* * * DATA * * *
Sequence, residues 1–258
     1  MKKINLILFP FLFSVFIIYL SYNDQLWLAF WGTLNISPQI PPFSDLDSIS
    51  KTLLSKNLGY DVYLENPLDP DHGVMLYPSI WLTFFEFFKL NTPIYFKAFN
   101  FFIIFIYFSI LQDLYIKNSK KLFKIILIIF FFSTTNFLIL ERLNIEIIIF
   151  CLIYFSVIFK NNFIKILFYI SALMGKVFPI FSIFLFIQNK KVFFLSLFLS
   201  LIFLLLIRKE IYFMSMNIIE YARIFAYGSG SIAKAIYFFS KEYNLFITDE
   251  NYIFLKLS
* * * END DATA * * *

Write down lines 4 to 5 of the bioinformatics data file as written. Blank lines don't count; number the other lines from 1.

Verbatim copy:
   101  FFIIFIYFSI LQDLYIKNSK KLFKIILIIF FFSTTNFLIL ERLNIEIIIF
   151  CLIYFSVIFK NNFIKILFYI SALMGKVFPI FSIFLFIQNK KVFFLSLFLS